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requiring no covenant from him. It can therefore rarely happen that a lease is made by deed poll; since leases generally contain a variety of mutual covenants.—When a lease is granted by indenture, two parts or copies are made, one of which is executed by the lessor, and delivered to the lessee, and is called the original ,• the other is executed by the lessee, and delivered to the lessor, and is called the counterpart. Sometimes each part is executed by all parties, which renders them both originals.

As every lease is presumed to be by deed, till the contrary be shewn, so every deed that is pleaded shall be intended to be a deed poll, unless it be alleged to be indented (a). Whenever a lease, therefore, is pleaded as an indenture, it must be so alleged (b).

Parts of a Lease.—A lease by deed indented consists of the following parts: J. the premises; 2. the habendum and tenendum; 3. reddendum, or reservation; 4. covenants; and 5. provisoes, or conditions.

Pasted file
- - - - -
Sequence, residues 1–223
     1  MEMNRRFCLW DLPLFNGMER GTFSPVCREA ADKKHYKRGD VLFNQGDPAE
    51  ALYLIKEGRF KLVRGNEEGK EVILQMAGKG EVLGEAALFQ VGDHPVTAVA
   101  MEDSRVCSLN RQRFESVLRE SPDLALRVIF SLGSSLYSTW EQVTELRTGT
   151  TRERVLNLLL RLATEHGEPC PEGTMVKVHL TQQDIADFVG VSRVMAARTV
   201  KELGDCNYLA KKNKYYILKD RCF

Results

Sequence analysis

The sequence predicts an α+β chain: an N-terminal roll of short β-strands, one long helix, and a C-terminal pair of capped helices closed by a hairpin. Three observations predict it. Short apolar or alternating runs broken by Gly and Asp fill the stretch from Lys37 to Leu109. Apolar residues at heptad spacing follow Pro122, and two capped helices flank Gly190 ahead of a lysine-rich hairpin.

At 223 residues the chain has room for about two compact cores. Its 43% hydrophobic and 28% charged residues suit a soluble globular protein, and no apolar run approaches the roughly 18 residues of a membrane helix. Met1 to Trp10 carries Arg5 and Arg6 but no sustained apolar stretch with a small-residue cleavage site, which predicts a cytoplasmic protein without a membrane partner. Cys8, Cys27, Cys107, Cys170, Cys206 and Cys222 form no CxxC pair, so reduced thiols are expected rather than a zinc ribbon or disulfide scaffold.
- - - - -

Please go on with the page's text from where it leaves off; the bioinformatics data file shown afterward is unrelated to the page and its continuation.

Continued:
The premises of a lease are all the parts that precede the habendum (c). The office of this part of the lease is rightly to name the lessor and lessee, and to comprehend the certainty of the thing demised, either by express words, or by that which by reference may be reduced to a certainty; and the exception, or thing excepted, if there be any. The recital also, if there be any, is for the most part contained in the premises.

A lease to one for life, habendum to his three sons successively, but omitting to mention the sons in the premises of the deed, was held to be for life of the father only, and that the sons should not take in possession or by way of remainder: for it being limited to the father for his life, that was a greater estate than for the lives of others; and the three sons were named as persons to have an estate, and not to make a limitation of an estate (d).

The habendum et tenendum is that part of the lease (e), which begins with " to have and to hold," and properly succeeds the premises. The office of the habendum is to name the lessee, and to limit the certainty of the estate. It may also abridge or alter the generality of the premises Cf). The habendum, in short, limits, enlarges, ascertains, and fixes, the meaning of the premises, but it cannot contradict them. The tenendum was formerly used to denote the lord of whom, and the tenure by which, the estate was to be holden, which has long been unnecessary; it is retained merely by custom.

If a man have a lease for years of land, and he, reciting this, by the premises of the deed grants all his estate in the land, to have